BLOOD MERIDIAN was a strange read. A re-read, I started it in September, keeping it beside the bed and dipping into it for five or ten pages at a time. Wonderful stuff, as you already know. Then, around the halfway mark, I ran with it and found myself getting bored. There’s a lot of post-apocalyptic neo-Western slaughter going on, which was absolutely fine, but there’s also a huge amount of traversing bleak and parched terrain, during which not a lot happens. And I didn’t believe in the Judge; so larger-than-life was he that he was literally unbelievable. Maybe he’s meant to be that way, although I can’t for the life of me think why.
  I finally read my first Le Carré novel in TINKER TAILOR SOLDIER SPY, and for a long stretch I wasn’t sure if I believed in Smiley either, or cared about his world. It felt at times like his characters were trying too hard to sound authentic, although at the same time I liked the way the story was rooted in a grey, drab reality. For the first half or so it felt like a Boy’s Own compendium of monochrome adventures, a Rider Haggard take on the Cold War, but even then it was obvious that Le Carré is a fine stylist. I certainly missed Smiley’s world when I finished the story.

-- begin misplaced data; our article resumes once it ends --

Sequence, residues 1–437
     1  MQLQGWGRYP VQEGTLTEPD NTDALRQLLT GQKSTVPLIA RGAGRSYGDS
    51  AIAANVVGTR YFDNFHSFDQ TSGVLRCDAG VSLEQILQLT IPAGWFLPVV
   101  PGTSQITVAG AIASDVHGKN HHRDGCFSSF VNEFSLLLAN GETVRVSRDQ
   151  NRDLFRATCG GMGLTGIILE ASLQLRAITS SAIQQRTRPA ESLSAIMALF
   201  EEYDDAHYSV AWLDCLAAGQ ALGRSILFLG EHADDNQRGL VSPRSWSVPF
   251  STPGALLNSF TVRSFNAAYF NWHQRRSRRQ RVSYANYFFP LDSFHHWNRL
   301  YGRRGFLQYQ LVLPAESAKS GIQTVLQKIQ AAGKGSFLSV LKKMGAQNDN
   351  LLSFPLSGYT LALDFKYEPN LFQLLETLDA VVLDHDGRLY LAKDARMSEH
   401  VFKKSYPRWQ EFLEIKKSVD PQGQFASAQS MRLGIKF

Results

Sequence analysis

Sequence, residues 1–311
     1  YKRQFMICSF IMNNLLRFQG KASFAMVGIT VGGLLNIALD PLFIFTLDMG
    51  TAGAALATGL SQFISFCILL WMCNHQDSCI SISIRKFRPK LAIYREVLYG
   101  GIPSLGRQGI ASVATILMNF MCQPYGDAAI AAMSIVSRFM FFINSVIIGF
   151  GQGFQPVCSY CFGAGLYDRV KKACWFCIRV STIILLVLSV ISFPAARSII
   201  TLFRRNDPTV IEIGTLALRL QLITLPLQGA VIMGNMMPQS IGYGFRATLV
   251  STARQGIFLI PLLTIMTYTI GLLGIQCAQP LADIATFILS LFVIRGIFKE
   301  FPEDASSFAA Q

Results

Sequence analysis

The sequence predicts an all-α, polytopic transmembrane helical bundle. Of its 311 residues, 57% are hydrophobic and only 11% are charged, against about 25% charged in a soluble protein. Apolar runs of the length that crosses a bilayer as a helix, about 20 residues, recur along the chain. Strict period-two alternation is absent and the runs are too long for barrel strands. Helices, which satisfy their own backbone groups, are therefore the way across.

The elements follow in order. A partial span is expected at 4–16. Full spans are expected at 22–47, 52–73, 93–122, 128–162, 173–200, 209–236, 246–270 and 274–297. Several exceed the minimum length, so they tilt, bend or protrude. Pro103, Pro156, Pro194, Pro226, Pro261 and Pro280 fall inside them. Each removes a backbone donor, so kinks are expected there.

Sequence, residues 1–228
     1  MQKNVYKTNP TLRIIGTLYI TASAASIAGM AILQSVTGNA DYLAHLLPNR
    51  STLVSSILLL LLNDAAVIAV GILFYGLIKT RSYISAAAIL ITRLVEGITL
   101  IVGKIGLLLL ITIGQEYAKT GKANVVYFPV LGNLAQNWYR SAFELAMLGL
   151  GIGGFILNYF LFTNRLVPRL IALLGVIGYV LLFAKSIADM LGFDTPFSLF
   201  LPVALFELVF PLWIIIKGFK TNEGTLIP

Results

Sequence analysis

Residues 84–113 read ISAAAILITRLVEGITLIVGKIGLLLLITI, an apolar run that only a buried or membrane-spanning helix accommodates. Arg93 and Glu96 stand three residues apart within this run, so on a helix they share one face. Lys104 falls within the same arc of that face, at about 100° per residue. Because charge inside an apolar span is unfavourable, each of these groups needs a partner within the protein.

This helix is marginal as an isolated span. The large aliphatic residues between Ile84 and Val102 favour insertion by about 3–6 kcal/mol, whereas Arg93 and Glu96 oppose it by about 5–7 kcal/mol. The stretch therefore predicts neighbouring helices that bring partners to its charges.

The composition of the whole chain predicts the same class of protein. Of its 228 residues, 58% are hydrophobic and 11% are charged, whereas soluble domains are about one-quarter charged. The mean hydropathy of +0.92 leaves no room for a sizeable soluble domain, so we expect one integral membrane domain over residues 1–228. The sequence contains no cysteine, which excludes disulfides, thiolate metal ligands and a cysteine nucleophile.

I didn’t miss the world Kevin Power recreated in BAD DAY IN BLACKROCK, which is set in the suburbs of southern County Dublin. Touted as a latter-day IN COLD BLOOD and THE BOOK OF EVIDENCE, it’s a fictionalised account of the death of a young Irish man after a post-nightclub assault, an event that dominated the news headlines in Ireland for many months. On the evidence of his debut offering, Power is a fine writer with a lyrical touch, but his choice of subject matter lets him down as he goes behind the headlines and explores the culture in which the young man was killed, a privileged sub-section of society composed of perennial adolescents in thrall to the cult of rugby and the cultivated aggression the sport promotes. The novel it put me most in mind of was Bret Easton Ellis’s LESS THAN ZERO, albeit with vacuous ambition at its heart rather than soi-bored nihilism. The trouble, I think, is that the specific generation Power so piercingly dissects has no virtues worth mythologizing, or vices for that matter; the writer doesn’t so much lance a boil as pop a bubble. In saying that, I’ll be reading his next novel; I think he’s the real deal.